It is a common problem when ripping VGMs from a game to find that you are unable to rip them without sound effects (SFX) playing. This page describes a general-purpose hack which will allow most Master System games’ music to be ripped without SFX playing.
What the hell is that? Don’t worry, I have all the steps described below...
Step 1: find the checksum
Open Meka’s folder. It should look a bit like the one to the right only with more cool stuff in it. (I’ve even assumed you have Windows set to hide file extensions, possibly the most lame option possible.) You need to open the meka.nam file in a text editor. What’s one of those? Notepad. Here’s the easy way:
- Double-click on the “meka.txt” file (it might just say “meka” and have a little notepad icon next to it like in the picture).
- Notepad should open up with Meka’s documentation in it. You should read it, you know, it’s interesting. But not now.
- Drag and drop the meka.nam file onto Notepad.
Now you have the meka.nam file open, you need to find the game you’re ripping music from. Try pressing F3 to bring up the Find dialogue.
At the start of the line is a 16-letter code - a checksum - which identifies the game in Meka. You need to select and then copy this to the clipboard (Ctrl+C).
If you find your game has more than one entry, you might have to try all of them in turn until they work. For now, grab the first one.
Step 2 - add it to meka.pat
Now you need to open meka.pat in the text editor. (You can open it in the existing window, we don’t need it any more so long as you already copied the checksum.) Then go down to the bottom and add this:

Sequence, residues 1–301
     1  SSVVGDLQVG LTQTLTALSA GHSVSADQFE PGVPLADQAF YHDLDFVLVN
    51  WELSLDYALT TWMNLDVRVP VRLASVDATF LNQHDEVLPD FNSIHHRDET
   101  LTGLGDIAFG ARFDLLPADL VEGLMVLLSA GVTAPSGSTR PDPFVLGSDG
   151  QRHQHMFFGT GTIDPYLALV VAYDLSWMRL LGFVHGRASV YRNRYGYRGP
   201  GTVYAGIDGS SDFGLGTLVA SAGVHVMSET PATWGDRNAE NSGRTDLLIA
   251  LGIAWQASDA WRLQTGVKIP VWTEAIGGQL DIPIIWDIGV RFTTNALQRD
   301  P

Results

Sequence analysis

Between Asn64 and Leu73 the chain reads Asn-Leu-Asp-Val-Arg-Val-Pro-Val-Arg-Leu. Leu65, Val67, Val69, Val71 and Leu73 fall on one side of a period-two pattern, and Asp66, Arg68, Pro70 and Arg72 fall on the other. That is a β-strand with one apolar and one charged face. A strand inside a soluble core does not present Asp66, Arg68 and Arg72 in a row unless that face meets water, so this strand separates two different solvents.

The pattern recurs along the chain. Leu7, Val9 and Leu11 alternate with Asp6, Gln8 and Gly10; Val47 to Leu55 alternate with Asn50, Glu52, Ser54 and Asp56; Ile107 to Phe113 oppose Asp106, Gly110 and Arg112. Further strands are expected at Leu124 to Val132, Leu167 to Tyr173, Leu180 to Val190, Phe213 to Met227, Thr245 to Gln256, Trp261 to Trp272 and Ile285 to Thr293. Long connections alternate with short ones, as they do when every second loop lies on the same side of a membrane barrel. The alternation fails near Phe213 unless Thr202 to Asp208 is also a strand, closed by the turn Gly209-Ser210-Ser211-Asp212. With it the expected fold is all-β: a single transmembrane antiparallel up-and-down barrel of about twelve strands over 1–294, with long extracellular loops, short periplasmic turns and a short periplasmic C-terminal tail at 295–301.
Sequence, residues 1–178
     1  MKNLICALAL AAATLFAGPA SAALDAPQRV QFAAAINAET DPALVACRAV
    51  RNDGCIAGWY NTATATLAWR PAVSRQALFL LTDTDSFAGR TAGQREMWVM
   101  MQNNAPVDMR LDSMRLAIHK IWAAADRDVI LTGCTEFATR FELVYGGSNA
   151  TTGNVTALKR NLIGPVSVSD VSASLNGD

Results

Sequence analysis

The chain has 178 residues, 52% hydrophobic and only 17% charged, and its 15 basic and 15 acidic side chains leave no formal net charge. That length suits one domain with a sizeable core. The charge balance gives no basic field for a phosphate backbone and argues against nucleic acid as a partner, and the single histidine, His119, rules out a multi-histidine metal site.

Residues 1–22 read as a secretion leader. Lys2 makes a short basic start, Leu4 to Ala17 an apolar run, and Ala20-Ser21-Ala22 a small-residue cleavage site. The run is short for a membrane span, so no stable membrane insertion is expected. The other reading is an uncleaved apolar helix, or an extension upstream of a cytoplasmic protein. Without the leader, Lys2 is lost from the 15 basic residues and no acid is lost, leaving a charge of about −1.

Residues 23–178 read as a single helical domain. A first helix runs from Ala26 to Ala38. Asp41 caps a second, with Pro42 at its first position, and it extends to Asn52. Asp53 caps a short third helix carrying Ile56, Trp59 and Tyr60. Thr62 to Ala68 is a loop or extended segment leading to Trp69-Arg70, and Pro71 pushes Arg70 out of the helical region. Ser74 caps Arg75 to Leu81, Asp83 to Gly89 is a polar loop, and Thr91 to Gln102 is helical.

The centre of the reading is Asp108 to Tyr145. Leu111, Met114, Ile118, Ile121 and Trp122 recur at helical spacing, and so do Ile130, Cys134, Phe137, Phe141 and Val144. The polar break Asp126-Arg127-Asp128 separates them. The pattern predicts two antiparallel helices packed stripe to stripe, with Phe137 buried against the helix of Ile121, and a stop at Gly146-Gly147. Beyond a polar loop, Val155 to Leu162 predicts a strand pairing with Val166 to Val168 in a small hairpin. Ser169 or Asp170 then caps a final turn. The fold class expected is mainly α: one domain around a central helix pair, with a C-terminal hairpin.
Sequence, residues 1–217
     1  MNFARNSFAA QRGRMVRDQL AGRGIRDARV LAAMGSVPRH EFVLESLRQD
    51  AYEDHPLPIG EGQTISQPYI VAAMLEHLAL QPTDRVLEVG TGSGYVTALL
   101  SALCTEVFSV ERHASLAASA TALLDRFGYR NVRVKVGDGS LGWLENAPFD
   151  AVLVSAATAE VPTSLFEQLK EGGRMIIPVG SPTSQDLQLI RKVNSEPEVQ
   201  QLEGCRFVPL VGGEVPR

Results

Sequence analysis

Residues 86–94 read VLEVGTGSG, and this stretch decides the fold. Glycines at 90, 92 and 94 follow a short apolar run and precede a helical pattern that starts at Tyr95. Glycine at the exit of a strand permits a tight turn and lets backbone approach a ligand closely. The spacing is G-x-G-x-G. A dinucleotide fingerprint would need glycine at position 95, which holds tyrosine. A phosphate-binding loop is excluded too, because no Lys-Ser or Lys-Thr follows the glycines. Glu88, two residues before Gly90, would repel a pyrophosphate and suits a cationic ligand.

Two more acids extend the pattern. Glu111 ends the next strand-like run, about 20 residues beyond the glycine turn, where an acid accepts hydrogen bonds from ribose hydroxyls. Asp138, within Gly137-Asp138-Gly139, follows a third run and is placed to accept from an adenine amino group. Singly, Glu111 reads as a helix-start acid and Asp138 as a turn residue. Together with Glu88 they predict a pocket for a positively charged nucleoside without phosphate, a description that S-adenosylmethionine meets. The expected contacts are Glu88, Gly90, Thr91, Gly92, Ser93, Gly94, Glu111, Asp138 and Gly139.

except instead of “checksum” you have to paste the checksum of the game. I suggest you also add a comment to remind you what game it was - you can add a comment by starting the line with a semicolon “;” and then you can write anything you like after it.
Now save the file by choosing Save from the File menu. An important step, it must be said, and easy to mess up because Notepad (in Windows 98) doesn’t save when you press Ctrl+S.
Step 3: play the game
Now open the game in Meka and quickly start a new game and wait until the music’s playing. Once it’s going, press Pause (mapped to the Space Bar by default). If all goes according to plan, two things should happen:
- The game will freeze
- The music won’t
If the music stops, sorry, this hack didn’t work. Delete it from meka.pat and go about your business. If it doesn’t... hooray! Here’s the procedure:
- Play through the game to just before the music you want is about to play
- Save your game (press F5)
- Start VGM logging
- Make the music start
- Press Pause as soon as possible, before any SFX play
- Log the music (plenty of it) and then stop logging
- Load the game (F7) and play on
The save/load is because this hack permanently freezes the game. Whatever you do, don’t save a frozen game!
Finally, delete the section from meka.pat when you’ve finished because you don’t want the Pause button to freeze the game when you’re playing it normally.
Appendix 1: possible problems
1. Nothing happens when I press Pause